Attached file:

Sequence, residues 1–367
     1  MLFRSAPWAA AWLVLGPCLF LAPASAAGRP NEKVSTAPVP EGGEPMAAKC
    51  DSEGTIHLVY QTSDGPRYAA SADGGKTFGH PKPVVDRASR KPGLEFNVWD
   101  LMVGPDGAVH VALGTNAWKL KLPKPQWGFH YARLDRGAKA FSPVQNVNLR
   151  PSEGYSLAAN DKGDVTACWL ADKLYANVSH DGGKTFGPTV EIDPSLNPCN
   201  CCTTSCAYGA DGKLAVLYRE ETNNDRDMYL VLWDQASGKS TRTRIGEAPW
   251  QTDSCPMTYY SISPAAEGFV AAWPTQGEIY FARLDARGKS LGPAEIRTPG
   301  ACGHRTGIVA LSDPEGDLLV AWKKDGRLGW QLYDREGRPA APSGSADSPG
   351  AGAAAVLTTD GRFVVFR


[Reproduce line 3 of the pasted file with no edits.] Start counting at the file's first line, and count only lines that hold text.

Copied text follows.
    51  DSEGTIHLVY QTSDGPRYAA SADGGKTFGH PKPVVDRASR KPGLEFNVWD